Christian Foundation for Children and Aging (CFCA)

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Unbound
Founded November 20, 1981
Founder Bob Hentzen, Bud Hentzen, Jim Hentzen, Nadine Pearce and Jerry Tolle
Type Charitable organization, Non-governmental organization, Child sponsorship organization
Focus Sponsorship
Location
Area served
20 countries
Slogan "Offering hope. Restoring dignity. Worldwide."
Website https://www.unbound.org

Unbound, formerly the Christian Foundation for Children and Aging (CFCA), is a nonprofit sponsorship organization headquartered in Kansas City, Kansas. Unbound was founded by lay Catholic workers acting on the Gospel call to serve the poor. Its Hope for a Family sponsorship program provides basic necessities such as food, education, clothing and access to medical care to children and elderly in some of the world's poorest communities. Today, Unbound sponsors support more than 300,000 children, youth and aging persons in 21 countries.[1][2]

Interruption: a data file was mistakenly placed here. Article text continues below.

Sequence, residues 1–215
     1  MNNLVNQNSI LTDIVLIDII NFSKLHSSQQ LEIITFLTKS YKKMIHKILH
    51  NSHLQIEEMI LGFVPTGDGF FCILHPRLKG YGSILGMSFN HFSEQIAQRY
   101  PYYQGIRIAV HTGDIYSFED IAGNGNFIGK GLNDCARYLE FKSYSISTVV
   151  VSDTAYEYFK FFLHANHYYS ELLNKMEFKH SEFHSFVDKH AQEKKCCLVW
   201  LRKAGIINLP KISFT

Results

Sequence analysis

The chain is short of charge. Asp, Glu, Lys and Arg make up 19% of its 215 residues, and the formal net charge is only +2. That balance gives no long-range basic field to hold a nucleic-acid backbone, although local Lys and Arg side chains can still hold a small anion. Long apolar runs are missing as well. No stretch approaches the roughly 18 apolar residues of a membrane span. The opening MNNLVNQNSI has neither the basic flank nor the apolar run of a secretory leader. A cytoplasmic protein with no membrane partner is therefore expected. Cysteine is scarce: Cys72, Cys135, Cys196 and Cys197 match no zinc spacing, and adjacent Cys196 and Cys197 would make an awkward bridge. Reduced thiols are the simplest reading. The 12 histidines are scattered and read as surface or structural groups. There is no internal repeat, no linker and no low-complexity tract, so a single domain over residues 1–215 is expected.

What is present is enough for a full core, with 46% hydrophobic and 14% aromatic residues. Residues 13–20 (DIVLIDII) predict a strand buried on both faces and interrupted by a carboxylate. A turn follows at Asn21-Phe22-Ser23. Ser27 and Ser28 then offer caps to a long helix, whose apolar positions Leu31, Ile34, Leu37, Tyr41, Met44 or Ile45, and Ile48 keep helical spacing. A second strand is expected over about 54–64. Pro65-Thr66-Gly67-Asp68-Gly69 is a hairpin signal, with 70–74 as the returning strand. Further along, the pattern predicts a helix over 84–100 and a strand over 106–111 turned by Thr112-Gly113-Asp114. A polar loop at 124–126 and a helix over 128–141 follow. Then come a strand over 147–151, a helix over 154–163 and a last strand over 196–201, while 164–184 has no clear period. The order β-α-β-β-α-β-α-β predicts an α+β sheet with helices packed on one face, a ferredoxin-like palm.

History[edit]

On November 20, 1981, Unbound was founded by siblings Bob Hentzen, Bud Hentzen, Jim Hentzen, Nadine Pearce and their friend Jerry Tolle. The siblings wanted to start a nonprofit to honor their late parents. Bob and Jerry were both missionaries who had witnessed firsthand the effects of poverty in developing countries, so they formed a sponsorship organization based on Catholic social teaching.

Unbound’s first headquarters was in Bob’s basement in Kansas City, Mo. Around 1982, the foundation relocated its office to a farmhouse. In 1991, Unbound converted an abandoned warehouse into the office that remains the current headquarters.